police officer concerned is duty-bound to register the case on receiving
information disclosing cognizable offence.
or credibility of the information is not a condition precedent for registration
of a case. That can only be considered after registration of the case.
mandate of Section 154 of the Code is that at the stage of registration of a
crime or a case on the basis of the information disclosing a cognizable
offence, the police officer concerned cannot embark upon an enquiry as to
whether the information, laid by the informant is reliable and genuine or
otherwise and refuse to register a case on the ground that the information is
not relevant or credible. In other words, reliability, genuineness and
credibility of the information are not the conditions precedent for registering
a case under Section 154 of the Code.
present case, undisputedly, the cognizable offences disclosed in the complaint,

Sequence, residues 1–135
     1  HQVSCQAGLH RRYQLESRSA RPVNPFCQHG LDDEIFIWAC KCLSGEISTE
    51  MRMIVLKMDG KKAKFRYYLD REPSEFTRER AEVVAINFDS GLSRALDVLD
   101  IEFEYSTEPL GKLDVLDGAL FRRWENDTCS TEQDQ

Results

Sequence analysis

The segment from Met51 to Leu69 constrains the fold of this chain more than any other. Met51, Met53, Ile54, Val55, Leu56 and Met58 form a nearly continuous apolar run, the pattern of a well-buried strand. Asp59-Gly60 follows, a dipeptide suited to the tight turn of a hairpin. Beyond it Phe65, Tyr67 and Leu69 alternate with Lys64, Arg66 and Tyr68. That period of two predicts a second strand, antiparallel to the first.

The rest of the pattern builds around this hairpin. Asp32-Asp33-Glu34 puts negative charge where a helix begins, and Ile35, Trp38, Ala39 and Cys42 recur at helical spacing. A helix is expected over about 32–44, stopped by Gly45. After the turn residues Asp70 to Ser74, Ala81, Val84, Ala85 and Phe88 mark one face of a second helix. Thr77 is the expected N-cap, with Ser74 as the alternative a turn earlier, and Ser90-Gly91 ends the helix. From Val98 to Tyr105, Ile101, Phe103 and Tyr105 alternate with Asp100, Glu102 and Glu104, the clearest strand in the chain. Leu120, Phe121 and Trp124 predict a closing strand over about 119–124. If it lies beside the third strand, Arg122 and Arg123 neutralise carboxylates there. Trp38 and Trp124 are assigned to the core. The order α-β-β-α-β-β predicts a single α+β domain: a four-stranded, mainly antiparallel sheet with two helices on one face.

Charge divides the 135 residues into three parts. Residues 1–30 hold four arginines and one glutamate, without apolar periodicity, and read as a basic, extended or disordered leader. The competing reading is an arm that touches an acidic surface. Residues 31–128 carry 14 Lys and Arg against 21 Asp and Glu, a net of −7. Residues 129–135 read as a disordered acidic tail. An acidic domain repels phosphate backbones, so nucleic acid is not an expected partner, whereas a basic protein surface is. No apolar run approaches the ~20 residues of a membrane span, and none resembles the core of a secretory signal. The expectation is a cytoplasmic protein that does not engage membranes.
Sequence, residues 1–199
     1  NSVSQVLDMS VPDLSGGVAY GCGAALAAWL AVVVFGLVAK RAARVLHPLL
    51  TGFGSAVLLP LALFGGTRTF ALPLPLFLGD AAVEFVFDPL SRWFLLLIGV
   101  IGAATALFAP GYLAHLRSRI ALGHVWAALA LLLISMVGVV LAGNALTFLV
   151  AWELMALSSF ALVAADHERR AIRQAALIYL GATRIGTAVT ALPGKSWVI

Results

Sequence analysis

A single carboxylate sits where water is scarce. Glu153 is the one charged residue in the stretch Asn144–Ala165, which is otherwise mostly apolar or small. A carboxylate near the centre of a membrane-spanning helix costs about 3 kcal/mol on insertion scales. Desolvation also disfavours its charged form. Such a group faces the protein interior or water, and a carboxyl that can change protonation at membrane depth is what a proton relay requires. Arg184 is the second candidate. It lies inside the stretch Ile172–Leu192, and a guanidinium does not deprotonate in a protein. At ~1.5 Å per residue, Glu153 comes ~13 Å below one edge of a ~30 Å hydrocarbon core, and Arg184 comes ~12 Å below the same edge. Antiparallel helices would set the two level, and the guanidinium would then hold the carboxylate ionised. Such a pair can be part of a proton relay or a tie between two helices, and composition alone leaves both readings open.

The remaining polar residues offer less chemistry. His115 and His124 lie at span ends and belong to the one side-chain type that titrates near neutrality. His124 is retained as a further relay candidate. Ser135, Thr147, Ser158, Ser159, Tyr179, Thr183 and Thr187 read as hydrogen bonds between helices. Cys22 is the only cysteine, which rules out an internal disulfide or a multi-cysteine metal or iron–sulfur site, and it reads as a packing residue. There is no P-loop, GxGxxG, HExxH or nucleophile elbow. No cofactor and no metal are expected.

were under Sections 147, 148, 149, 448, 452, 323 and 395 IPC. The complaint was
filed before the Sub-Divisional Judicial Magistrate and the same was endorsed
to SHO of concerned Police Station for registering the FIR under Section 154 of
the Code. The concerned SHO of the Police Station registered the case only
under Sections 452/380/323/34 IPC. Section 395 IPC, which had been disclosed in
the complaint, was excluded from the purview of the FIR and resultantly no
investigation was carried out by the Police in terms of Section 156 and 157 of
the Code of Criminal Procedure. It is well settled principle of law that in
criminal trial, investigation is proceeded by an FIR on the basis of written
complaint or otherwise disclosing the offence said to have been committed by
the accused. In the present case, a grave miscarriage of justice has been
committed by the SHO of concerned Police Station by not registering an FIR on
the basis of offence disclosed in the complaint petition. The concerned police
officer is statutorily obliged to register the case on the basis of the offence
disclosed in the complaint petition and proceed with investigation in terms of
procedure contained under Sections 156 and 157 of the Code. The FIR registered
by the Police would clearly disclose that the complaint for offence under
Section 395 IPC has been deliberately omitted and, therefore, no investigation,